Tag Archives: slow poetry

Slow poetry part three

The work of mourning

In the work of mourning it is not grief that works, grief keeps watch
In the work of mourning it is not grief that works, grief keeps watch
In the work of mourning it is not grief that works, grief keeps watch

In the work of morning it is not grief that functions, grief keeps watch
In the work of morning it is not grief that functions, grief keeps watch
In the work of morning it is not grief that functions, grief keeps watch

In the toil of mourning, it is not grief that functions, grief keeps watch
In the toil of mourning, it is not grief that functions, grief keeps watch
In the toil of mourning, it is not grief that functions, grief keeps watch

In the toil of mourning, it is not grief that functions, grief keeps vigil
In the toil of mourning, it is not grief that functions, grief keeps vigil
In the toil of mourning, it is not grief that functions, grief keeps vigil

In the toil of deep regret, it is not grief that functions, grief keeps vigil
In the toil of deep regret, it is not grief that functions, grief keeps vigil
In the toil of deep regret, it is not grief that functions, grief keeps vigil

In the toil of deep regret, it is not grief that operates, grief keeps vigil
In the toil of deep regret, it is not grief that operates, grief keeps vigil
In the toil of deep regret, it is not grief that operates, grief keeps vigil

In the abject drudgery of deep regret it is not grief that operates, grief keeps vigil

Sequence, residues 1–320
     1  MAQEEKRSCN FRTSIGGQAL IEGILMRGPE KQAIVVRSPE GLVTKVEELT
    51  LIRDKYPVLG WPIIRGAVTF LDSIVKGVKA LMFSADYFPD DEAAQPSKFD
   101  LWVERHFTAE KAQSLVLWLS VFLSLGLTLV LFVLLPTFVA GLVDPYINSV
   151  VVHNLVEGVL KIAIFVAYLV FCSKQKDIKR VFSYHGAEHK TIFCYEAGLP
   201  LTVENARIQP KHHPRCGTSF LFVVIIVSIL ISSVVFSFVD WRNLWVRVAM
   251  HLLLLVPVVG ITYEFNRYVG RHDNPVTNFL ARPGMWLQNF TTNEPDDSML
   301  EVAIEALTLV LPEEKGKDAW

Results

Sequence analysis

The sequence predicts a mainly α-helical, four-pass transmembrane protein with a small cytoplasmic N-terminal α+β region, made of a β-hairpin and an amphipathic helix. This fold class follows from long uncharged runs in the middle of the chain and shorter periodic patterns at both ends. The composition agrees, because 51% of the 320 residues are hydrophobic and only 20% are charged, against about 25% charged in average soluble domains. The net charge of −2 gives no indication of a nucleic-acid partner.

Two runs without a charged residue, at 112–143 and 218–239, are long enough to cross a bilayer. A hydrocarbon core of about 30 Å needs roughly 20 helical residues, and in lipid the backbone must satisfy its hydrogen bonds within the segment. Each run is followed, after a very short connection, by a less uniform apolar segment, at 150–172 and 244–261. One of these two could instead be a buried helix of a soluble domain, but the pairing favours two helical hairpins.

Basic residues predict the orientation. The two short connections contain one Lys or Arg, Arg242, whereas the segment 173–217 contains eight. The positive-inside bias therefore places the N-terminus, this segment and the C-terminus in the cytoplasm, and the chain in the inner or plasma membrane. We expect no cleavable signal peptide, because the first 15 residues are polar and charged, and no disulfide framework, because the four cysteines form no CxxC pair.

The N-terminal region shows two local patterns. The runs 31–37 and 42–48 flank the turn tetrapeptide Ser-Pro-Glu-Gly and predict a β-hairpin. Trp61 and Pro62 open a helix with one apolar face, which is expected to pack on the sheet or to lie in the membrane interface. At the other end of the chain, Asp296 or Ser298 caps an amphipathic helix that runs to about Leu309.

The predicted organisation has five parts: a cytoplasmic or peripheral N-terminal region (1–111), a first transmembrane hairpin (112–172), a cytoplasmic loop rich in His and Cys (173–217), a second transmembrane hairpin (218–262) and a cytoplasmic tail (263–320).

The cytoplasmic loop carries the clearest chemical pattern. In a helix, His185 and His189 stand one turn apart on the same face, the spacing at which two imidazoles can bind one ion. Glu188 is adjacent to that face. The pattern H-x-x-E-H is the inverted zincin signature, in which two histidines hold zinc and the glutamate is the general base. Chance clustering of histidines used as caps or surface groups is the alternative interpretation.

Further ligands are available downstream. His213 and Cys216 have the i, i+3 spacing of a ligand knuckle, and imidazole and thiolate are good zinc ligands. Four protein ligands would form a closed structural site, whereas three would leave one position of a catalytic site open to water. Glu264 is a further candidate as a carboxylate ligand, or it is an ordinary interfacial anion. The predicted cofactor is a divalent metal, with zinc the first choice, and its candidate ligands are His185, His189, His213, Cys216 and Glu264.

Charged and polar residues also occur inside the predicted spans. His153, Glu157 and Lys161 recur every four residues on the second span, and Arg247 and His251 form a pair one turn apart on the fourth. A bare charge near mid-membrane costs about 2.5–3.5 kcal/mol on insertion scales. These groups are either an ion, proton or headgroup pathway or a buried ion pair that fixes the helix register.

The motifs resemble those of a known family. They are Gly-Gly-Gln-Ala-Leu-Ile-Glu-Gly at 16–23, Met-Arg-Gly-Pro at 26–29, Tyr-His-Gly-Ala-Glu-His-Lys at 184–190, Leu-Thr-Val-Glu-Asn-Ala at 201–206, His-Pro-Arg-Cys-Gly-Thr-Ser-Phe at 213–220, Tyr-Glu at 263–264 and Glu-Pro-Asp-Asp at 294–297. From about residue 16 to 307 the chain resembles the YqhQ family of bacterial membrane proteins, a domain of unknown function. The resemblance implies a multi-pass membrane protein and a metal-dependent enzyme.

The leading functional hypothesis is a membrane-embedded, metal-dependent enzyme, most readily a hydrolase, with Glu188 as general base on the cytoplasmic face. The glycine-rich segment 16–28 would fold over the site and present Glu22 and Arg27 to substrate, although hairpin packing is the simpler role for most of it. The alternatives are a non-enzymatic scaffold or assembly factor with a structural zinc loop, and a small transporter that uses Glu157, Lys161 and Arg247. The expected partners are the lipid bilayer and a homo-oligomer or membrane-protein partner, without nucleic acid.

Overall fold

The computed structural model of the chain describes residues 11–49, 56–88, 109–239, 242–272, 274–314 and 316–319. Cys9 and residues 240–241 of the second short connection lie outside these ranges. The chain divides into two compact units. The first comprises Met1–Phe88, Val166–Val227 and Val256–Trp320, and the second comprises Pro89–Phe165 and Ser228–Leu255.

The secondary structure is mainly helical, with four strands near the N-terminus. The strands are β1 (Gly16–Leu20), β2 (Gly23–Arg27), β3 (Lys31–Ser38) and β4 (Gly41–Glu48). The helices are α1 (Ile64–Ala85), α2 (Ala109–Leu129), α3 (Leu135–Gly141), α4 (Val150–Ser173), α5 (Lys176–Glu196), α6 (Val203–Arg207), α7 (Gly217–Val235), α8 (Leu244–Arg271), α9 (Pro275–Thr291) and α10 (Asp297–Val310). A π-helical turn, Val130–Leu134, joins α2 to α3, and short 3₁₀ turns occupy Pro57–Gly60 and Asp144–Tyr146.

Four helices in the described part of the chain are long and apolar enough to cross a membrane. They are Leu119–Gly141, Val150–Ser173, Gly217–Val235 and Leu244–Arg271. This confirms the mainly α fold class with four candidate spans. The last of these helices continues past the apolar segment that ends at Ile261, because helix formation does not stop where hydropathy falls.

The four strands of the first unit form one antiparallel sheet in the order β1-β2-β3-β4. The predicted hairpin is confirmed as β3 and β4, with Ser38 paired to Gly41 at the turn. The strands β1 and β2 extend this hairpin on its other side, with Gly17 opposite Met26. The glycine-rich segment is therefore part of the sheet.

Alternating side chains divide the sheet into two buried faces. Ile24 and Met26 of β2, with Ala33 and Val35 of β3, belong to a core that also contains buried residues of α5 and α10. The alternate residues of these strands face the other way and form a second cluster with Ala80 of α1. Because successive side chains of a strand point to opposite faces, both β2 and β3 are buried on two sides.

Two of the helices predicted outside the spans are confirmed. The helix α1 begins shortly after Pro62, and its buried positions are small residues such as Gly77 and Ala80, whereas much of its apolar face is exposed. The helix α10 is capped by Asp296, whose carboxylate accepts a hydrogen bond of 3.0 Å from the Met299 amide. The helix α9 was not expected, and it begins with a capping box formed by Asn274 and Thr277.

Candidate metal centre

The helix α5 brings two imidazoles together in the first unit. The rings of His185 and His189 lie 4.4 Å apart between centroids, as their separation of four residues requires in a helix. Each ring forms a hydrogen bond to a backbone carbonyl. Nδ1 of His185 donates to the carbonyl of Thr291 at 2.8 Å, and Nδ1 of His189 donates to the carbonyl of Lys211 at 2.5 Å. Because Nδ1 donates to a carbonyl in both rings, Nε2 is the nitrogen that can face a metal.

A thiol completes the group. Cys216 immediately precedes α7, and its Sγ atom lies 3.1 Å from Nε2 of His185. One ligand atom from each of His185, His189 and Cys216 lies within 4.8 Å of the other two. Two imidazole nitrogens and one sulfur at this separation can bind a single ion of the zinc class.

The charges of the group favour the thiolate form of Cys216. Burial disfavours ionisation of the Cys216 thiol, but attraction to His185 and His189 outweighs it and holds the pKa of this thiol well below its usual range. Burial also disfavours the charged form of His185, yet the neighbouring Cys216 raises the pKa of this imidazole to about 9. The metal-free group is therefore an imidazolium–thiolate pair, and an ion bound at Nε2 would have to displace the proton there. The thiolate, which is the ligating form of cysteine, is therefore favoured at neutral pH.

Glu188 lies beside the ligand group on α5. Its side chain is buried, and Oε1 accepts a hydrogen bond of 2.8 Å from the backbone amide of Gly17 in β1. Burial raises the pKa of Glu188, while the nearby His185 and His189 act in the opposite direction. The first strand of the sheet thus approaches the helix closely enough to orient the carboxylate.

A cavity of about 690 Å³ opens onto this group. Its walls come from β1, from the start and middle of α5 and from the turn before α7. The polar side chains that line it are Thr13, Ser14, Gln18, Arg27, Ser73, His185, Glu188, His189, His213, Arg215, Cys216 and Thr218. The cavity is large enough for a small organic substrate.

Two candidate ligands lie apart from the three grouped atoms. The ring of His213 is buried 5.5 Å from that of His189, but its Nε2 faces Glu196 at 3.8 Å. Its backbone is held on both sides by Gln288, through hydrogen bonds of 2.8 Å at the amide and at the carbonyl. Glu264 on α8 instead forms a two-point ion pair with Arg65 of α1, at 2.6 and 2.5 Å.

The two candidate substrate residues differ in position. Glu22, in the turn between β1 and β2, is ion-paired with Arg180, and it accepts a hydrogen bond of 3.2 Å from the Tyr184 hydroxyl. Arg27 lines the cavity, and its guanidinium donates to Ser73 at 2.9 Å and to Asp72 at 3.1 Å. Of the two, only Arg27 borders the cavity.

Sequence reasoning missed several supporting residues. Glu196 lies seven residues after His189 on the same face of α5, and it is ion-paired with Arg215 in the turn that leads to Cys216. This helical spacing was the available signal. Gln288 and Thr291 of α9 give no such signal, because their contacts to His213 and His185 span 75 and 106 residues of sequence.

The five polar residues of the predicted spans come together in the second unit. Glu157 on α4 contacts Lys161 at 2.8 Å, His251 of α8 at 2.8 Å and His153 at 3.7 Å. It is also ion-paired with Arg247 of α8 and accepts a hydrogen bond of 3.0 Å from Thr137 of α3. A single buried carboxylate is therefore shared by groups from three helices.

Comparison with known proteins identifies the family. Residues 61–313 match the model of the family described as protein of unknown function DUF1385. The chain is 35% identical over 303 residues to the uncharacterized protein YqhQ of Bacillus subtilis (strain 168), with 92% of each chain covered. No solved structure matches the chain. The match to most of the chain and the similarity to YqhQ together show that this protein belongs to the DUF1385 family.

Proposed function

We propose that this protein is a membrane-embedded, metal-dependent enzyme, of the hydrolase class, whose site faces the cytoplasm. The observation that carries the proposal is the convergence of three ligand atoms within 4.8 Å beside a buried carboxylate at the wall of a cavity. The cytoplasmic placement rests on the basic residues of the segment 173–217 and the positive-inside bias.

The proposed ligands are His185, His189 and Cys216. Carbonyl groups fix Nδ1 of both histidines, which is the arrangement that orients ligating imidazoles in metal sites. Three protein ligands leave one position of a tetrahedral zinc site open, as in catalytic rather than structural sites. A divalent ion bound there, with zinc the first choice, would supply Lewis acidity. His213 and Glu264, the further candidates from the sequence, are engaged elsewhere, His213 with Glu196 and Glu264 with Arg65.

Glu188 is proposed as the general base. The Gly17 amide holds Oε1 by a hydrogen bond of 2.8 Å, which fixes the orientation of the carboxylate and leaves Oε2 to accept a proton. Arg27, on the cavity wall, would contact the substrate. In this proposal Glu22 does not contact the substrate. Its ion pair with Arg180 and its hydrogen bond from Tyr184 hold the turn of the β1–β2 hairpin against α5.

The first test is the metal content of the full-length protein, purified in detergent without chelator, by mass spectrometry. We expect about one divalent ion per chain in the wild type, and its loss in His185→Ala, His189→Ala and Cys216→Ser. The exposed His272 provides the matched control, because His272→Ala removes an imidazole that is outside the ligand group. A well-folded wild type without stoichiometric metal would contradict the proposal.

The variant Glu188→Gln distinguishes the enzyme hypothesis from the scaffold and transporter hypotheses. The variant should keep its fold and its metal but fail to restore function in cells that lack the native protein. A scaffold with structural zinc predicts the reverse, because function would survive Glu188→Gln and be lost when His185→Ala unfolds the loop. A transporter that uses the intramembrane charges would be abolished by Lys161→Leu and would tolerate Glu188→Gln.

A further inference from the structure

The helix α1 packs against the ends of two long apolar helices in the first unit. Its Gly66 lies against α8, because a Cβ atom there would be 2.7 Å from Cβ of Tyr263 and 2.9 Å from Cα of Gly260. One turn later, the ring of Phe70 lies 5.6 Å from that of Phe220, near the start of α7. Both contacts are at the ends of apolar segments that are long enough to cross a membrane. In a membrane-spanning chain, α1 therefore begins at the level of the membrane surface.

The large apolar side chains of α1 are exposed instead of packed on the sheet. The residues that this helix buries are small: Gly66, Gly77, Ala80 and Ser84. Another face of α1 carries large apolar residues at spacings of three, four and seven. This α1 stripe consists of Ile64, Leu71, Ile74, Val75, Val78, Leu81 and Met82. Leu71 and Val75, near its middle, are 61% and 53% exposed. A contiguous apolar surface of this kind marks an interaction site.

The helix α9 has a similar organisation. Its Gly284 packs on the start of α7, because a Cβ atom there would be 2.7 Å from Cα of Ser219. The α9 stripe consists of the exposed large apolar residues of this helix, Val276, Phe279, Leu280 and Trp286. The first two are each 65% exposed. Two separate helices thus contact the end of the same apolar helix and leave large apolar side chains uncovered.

In the abject drudgery of deep regret it is not grief that operates, grief keeps vigil
In the abject drudgery of deep regret it is not grief that operates, grief keeps vigil

In the abject drudgery of deep regret it is not grief that operates, grief stays awake
In the abject drudgery of deep regret it is not grief that operates, grief stays awake
In the abject drudgery of deep regret it is not grief that operates, grief stays awake

i.m. Patrick Doherty

We never did find the bullet that entered Patsy’s right buttock
We didn’t really look for  the bullet that entered Patsy’s right buttock
We may have hidden the bullet that entered Patsy’s right buttock

We searched high and low for the bullet that penetrated Patsy’s right ilio-sacral joint
It was never in our interests to find  the bullet that penetrated Patsy’s right ilio-sacral joint
We may have disposed of  the bullet that penetrated Patsy’s right ilio-sacral joint

We all went to look for the bullet  that entered Patsy’s abdominal cavity
We scoured the ground in our search for  the bullet  that entered Patsy’s abdominal cavity
The bullet  that entered Patsy’s abdominal cavity will never come to light

We never did come across the bullet that lacerated Patsy’s aorta